Conus geographus. It stings with a harpoon, emitting deadly conotoxins.  Believed to be responsible for up to 30 human deaths worldwide, but also useful in medicine.

Conus geographus. It stings with a harpoon, emitting deadly conotoxins. Believed to be responsible for up to 30 human deaths worldwide, but also useful in medicine.

pin 1
heart 1
Conus geographus   Linnaeus, 1758    At night, Yomitan Reef, Okinawa, Japan (86 mm.)
pin 13
heart 5
Fish-hunting Conus geographus and Conus tulipa are caught on camera attempting to capture prey by lowering the victim’s blood sugar, retarding their ability to flee.

Fish-hunting Conus geographus and Conus tulipa are caught on camera attempting to capture prey by lowering the victim’s blood sugar, retarding their ability to flee.

หอยเต้าปูนลายแผนที่หรือหอยเต้าปูนลายผ้า (Conus geographus)  https://m.facebook.com/Seashellhuahin/

หอยเต้าปูนลายแผนที่หรือหอยเต้าปูนลายผ้า (Conus geographus) https://m.facebook.com/Seashellhuahin/

cône-  - Fabrice Rozier - 22/01/14 - Jardin de CorailCône géographe - Conus geographus

cône- - Fabrice Rozier - 22/01/14 - Jardin de CorailCône géographe - Conus geographus

CA 15302 a Toxic shells (Terebra consobrina, Conus geographus, Conus textile)

CA 15302 a Toxic shells (Terebra consobrina, Conus geographus, Conus textile)

Conus geographus Linnaeus, 1758  Geography cone, 129mm  Conus geographus is the largest of the fish-eating cone shells and is also the most dangerous. Its venom has adapted to become powerful enough to quickly stun or kill a prey fish. It wouldn't do the cone much good if the fish were stung and escaped, only to die somewhere else. In addition to having highly virulent venom, it also has an aggressive attitude.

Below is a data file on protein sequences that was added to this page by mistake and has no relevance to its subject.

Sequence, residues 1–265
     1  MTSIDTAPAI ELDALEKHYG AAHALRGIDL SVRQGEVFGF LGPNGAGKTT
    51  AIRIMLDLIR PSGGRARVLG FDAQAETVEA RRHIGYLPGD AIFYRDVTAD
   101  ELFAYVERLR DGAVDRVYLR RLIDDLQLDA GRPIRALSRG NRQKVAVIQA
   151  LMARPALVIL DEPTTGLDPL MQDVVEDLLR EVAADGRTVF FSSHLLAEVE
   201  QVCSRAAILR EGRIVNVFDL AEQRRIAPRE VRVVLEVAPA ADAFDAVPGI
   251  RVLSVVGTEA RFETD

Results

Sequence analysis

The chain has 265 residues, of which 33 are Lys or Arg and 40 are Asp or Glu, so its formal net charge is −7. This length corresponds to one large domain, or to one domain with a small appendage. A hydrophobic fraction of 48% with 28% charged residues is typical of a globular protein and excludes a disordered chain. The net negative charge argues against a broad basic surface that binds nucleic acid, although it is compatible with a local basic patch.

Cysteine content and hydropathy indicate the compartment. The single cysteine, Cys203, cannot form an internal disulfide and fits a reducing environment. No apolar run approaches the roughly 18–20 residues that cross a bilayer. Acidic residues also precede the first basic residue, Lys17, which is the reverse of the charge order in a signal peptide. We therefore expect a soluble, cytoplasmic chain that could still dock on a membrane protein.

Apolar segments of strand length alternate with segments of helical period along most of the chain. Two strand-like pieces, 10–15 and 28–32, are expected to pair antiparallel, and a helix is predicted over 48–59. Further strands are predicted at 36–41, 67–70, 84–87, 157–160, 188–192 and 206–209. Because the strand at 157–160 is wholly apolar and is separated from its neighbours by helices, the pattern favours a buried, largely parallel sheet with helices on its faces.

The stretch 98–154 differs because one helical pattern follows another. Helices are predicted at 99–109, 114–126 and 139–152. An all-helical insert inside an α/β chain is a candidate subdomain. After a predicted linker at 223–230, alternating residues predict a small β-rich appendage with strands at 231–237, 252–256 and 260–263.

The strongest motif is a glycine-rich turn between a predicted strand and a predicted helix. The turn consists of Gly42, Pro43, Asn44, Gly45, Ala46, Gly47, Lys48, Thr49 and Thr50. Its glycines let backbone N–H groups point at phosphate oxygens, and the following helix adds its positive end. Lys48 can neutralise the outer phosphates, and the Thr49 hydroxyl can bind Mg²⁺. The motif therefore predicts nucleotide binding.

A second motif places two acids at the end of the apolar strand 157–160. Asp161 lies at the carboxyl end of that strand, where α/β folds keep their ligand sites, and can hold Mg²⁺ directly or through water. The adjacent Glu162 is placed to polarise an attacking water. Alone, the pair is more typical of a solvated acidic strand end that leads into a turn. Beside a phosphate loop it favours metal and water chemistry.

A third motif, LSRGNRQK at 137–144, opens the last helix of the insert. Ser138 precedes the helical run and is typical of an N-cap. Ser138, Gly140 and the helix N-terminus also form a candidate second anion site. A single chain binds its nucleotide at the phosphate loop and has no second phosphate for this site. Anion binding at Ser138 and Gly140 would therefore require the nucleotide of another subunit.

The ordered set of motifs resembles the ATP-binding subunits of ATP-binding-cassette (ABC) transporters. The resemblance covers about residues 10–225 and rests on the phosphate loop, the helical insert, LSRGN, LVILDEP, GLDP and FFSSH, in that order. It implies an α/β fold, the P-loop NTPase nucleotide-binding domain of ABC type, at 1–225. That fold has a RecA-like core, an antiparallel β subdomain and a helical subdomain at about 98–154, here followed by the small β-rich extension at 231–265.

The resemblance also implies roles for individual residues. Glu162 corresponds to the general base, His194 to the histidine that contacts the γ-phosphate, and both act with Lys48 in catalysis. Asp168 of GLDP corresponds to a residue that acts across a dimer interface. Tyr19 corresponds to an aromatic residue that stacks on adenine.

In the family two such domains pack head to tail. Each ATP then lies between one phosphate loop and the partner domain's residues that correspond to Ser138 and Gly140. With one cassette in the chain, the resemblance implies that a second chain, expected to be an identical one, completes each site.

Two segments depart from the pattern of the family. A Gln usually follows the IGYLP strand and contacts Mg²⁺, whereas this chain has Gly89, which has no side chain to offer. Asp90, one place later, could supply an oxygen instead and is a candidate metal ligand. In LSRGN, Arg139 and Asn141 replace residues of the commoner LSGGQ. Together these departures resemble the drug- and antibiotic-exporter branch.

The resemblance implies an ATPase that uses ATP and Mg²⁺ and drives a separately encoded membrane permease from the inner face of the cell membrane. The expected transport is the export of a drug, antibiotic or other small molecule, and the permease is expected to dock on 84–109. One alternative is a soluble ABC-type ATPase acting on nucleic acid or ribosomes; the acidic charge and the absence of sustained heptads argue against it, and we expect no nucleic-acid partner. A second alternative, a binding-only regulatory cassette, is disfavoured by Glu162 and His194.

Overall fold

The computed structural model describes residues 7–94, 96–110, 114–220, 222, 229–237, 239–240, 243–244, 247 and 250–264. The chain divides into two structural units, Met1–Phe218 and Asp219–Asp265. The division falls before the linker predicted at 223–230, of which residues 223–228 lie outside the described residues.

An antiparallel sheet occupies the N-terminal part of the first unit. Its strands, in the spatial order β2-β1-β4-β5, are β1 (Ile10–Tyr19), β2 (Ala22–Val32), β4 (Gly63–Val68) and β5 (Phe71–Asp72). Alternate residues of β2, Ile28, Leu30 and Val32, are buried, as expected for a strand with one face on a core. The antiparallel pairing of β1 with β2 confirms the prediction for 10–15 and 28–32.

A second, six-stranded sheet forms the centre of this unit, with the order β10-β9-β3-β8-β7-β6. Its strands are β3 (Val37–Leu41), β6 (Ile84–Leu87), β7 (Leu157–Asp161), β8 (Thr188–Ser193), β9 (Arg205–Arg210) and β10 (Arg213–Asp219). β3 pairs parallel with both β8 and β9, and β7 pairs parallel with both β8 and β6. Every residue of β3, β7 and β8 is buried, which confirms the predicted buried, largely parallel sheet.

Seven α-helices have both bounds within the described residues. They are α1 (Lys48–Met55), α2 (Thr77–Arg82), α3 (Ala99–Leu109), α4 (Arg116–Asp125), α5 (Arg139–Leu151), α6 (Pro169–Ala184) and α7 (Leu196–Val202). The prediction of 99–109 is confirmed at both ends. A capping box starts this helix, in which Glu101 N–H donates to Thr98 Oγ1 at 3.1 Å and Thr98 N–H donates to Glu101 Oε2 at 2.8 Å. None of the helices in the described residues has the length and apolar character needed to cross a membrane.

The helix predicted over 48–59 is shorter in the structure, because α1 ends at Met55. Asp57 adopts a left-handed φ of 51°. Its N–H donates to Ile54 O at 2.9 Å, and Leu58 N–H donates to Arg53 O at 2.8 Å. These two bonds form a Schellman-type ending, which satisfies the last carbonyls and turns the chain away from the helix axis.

Conus geographus Linnaeus, 1758 Geography cone, 129mm Conus geographus is the largest of the fish-eating cone shells and is also the most dangerous. Its venom has adapted to become powerful enough to quickly stun or kill a prey fish. It wouldn't do the cone much good if the fish were stung and escaped, only to die somewhere else. In addition to having highly virulent venom, it also has an aggressive attitude.

Conus geographus in fb Association Française de Conchyliologie

Conus geographus in fb Association Française de Conchyliologie

Cone snails are known for their venom. Upwards of fifteen people have died of it. One snail, Conus geographus, doesn't even have to sting to kill its prey. And scientists have found out why.

Cone snails are known for their venom. Upwards of fifteen people have died of it. One snail, Conus geographus, doesn't even have to sting to kill its prey. And scientists have found out why.

Pinterest • The world’s catalogue of ideas
Search